Jeannie Metcalf (click here to read more about her) will co-chair the Academic Standards Review Commission with pro-Common Core IBM executive Andre Peek. The next meeting of the review commission should be held sometime in October.

UPDATE: Metcalf emailed N.C. Policy Watch on Tuesday to say she does oppose Common Core.
“I will say I am much more concerned that the math standards be revamped. The ELA standards have some good points,” said Metcalf. “My co chair is chairman of the NC Business Committee for Education, which is solidly behind common core so I thinks it’s good to have different perspectives moving forward,” Metcalf added.

News

CommonCore_NC1At the first meeting of the Academic Standards Review Commission, which is tasked with reviewing and potentially replacing the Common Core State Standards, co-chair and Gov. Pat McCrory appointee Andre Peek told N.C. Policy Watch upon the meeting’s conclusion Monday afternoon that he is a supporter of Common Core and has been “since its inception.”

Peek, an executive at IBM, said “I do realize it’s [Common Core] a divisive issue for our state, though. But I don’t know the details of why…so through the efforts of this commission we’ll get to the facts…and how to change it to be more effective for our state,” adding that any changes made will be based on fact and not just a feeling of “we don’t like it.”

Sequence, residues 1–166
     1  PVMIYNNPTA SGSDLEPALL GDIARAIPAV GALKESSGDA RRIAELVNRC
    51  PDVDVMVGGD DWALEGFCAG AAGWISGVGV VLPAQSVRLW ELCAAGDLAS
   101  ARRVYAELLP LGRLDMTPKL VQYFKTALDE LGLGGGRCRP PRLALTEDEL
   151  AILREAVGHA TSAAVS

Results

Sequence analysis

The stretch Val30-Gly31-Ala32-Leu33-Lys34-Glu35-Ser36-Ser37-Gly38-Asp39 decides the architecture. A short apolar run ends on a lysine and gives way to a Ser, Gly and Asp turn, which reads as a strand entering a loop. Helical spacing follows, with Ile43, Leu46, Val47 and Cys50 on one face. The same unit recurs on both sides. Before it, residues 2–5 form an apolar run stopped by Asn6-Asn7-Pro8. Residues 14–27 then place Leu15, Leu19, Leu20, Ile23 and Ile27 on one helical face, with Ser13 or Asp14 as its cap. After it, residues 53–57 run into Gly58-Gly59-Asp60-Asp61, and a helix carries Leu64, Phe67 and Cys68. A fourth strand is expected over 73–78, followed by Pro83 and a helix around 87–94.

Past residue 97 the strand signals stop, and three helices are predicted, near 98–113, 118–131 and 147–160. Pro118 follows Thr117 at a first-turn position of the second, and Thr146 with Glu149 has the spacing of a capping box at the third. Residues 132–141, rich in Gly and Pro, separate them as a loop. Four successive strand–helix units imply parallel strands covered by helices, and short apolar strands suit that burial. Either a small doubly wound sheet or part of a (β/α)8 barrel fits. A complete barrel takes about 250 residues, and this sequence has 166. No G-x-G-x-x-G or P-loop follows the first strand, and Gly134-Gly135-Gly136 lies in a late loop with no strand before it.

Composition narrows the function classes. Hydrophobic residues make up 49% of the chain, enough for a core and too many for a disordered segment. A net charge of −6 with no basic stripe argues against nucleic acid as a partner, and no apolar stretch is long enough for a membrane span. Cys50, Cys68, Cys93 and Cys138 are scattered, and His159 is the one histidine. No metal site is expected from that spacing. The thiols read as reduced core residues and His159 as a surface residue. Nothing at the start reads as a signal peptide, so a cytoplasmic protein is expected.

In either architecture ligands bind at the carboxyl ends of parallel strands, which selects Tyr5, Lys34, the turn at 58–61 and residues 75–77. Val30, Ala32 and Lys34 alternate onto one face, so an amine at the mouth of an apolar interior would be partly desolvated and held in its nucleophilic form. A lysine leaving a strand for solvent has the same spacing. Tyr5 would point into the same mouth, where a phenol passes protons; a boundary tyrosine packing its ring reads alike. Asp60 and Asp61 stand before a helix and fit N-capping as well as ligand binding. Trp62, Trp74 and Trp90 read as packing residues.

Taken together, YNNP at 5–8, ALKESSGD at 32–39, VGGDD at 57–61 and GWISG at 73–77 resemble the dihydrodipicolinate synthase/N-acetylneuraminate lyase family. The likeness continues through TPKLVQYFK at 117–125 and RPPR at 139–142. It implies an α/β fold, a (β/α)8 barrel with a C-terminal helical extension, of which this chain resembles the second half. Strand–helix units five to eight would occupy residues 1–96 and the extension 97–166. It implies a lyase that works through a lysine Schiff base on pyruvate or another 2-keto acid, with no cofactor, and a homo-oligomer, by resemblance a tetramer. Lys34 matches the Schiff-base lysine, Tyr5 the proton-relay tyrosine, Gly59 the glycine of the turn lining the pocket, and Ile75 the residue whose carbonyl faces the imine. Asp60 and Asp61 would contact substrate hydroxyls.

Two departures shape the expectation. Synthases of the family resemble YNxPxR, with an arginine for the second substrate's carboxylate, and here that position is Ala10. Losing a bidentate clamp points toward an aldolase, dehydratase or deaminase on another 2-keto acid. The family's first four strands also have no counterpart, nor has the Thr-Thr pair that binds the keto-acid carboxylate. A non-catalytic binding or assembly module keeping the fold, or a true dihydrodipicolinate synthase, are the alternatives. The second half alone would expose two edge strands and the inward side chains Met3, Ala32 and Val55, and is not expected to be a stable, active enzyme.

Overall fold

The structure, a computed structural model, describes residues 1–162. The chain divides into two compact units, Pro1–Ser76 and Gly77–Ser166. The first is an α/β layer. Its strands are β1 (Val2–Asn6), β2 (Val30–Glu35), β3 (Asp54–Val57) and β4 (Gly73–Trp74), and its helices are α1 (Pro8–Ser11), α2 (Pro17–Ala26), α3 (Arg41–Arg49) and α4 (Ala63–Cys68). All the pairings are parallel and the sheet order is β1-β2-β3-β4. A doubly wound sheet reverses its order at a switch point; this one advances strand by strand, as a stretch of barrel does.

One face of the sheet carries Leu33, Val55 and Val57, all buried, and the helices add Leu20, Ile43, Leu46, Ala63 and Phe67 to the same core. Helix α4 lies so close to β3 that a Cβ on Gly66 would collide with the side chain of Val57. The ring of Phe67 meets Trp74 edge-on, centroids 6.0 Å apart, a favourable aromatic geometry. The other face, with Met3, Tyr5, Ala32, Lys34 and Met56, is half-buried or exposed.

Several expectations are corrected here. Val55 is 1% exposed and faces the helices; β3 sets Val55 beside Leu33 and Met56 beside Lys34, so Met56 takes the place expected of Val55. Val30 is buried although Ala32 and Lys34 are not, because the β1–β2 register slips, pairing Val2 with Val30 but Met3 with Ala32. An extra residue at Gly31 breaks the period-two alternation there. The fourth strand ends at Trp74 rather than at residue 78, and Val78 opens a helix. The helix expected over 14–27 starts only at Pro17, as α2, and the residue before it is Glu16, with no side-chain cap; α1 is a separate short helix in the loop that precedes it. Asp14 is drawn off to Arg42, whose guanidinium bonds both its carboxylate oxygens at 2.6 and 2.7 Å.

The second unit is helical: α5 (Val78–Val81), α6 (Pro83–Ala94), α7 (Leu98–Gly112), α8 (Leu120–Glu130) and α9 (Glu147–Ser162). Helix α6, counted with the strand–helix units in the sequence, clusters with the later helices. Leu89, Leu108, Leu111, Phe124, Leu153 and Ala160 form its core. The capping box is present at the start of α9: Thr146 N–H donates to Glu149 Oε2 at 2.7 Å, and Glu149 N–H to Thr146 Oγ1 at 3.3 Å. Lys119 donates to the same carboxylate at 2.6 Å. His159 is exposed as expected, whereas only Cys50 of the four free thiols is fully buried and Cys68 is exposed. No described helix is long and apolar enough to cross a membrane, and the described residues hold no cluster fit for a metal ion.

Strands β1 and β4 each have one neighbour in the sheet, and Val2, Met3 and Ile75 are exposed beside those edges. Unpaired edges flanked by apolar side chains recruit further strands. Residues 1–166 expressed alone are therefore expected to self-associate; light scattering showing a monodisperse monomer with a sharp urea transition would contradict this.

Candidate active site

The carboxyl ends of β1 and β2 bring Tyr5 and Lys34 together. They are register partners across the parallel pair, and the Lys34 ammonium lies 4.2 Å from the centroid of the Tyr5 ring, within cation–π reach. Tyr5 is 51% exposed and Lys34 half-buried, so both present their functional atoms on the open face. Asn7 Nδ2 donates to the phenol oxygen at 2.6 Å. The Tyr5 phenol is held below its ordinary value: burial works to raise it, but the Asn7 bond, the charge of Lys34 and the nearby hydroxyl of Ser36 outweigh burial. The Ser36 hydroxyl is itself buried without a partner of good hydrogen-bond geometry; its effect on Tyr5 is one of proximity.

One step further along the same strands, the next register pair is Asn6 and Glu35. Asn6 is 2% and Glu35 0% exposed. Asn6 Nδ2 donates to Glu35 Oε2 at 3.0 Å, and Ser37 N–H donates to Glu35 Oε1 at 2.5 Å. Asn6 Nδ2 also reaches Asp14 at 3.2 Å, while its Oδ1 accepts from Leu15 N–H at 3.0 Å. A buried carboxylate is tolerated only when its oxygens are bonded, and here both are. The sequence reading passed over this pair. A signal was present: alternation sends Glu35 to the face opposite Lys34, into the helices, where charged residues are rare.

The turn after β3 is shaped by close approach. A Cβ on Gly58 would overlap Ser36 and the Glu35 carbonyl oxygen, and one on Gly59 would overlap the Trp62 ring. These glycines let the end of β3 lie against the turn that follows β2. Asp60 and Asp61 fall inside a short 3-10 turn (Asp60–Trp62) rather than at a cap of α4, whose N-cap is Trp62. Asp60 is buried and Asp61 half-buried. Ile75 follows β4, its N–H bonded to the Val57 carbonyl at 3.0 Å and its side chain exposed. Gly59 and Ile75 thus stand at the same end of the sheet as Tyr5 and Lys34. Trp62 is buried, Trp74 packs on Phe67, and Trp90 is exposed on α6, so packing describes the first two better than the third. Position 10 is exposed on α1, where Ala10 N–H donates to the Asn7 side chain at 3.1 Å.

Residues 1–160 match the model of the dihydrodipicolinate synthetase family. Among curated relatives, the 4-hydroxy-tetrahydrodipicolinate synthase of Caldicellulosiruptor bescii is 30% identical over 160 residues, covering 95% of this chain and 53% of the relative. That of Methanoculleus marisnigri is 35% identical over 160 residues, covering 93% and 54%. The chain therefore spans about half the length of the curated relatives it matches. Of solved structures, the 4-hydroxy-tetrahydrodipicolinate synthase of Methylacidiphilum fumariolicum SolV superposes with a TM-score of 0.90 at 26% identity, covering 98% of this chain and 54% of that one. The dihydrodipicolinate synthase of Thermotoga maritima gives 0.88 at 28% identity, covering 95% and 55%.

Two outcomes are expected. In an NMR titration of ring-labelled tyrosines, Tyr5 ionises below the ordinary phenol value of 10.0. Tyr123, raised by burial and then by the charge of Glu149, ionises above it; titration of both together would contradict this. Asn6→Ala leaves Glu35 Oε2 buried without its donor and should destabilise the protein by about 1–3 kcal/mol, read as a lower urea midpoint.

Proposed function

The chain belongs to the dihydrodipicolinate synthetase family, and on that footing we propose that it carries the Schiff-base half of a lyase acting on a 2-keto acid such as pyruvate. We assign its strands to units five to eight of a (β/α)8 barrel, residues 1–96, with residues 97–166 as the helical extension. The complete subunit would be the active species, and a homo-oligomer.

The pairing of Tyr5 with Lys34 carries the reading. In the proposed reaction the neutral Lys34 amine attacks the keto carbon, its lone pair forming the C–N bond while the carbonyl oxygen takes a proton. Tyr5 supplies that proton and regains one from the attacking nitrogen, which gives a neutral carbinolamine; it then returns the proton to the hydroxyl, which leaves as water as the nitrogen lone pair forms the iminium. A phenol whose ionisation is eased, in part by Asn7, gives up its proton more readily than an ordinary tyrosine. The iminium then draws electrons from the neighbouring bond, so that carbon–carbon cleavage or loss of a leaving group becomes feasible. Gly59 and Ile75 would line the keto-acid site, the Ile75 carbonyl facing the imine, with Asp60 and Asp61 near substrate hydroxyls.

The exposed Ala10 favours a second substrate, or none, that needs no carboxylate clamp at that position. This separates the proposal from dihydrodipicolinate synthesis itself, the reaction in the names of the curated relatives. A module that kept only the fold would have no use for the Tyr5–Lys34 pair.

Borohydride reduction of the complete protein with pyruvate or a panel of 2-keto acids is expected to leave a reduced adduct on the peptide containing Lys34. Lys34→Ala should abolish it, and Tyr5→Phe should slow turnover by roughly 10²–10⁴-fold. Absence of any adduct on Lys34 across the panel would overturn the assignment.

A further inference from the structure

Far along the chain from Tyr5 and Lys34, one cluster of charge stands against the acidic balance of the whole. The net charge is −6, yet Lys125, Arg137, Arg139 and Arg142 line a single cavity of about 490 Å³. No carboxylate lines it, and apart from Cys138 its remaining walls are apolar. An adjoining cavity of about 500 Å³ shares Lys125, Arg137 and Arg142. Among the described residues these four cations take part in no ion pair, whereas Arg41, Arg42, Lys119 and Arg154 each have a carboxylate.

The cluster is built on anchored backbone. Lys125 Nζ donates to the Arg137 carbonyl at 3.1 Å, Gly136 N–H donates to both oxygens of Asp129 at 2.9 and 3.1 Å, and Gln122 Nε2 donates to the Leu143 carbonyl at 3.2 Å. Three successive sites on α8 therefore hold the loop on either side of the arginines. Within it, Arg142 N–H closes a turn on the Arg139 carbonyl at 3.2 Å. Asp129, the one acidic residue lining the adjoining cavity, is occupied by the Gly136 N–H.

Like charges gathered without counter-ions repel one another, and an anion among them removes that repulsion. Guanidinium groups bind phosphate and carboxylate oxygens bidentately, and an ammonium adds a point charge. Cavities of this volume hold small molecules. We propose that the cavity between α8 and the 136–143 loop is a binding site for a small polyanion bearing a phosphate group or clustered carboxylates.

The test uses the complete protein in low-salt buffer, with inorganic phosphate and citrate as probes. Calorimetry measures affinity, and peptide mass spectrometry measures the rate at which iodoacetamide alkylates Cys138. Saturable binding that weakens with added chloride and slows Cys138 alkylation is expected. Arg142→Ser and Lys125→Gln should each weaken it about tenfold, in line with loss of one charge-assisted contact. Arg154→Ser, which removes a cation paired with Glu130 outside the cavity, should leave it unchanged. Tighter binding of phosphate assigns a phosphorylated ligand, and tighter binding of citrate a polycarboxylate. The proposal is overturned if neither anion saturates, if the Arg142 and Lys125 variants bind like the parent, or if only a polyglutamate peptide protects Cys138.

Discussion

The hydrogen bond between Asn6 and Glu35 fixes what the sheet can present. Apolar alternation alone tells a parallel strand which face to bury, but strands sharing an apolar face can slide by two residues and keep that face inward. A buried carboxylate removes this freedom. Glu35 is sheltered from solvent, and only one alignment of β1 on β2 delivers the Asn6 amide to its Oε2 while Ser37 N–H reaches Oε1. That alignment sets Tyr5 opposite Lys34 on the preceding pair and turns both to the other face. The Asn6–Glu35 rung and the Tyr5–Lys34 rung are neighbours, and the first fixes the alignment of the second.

Peek will co-chair the Academic Standards Review Commission along with Jeannie Metcalf, who sits on the Winston-Salem/Forsyth State Board of Education.

Metcalf, who is an appointee of Senate leader Phil Berger and has no background in teaching, told N.C. Policy Watch last month about her qualifications to serve: “I’ve read lots of magazines and I go to lots of meetings…and so I got myself a self-guided education in curriculum standards in North Carolina and how they’ve changed over the years.”

For a full run down of the first meeting of the Academic Standards Review Commission, look for my story tomorrow morning over at www.ncpolicywatch.com

News

School-vouchersThe N.C. Court of Appeals ruled today that the 1,878 students who have already been granted school vouchers can now use those taxpayer dollars at private schools while the fate of the program is decided.

Students enrolled at private schools this fall expecting to have the vouchers, worth $4,200 annually, in hand – but an August ruling by Superior Court Judge Robert H. Hobgood found the school voucher law to be unconstitutional, halting a program that, as Judge Hobgood said, “appropriates taxpayer funds to educational institutions that have no standards, curriculum and requirements for teachers and principals to be certified.”

As a result, voucher recipients either returned to public schools or paid the full cost of attendance at private schools. Some private schools also indicated they would temporarily subsidize voucher students with the hope that the final court ruling would turn out in their favor.

While the Court of Appeals’ ruling obligates the state to disburse taxpayer funds to the private schools of those students who were awarded vouchers no later than August 21, 2014, it also blocks the state from awarding any additional vouchers until the final merits of the case are decided. Read More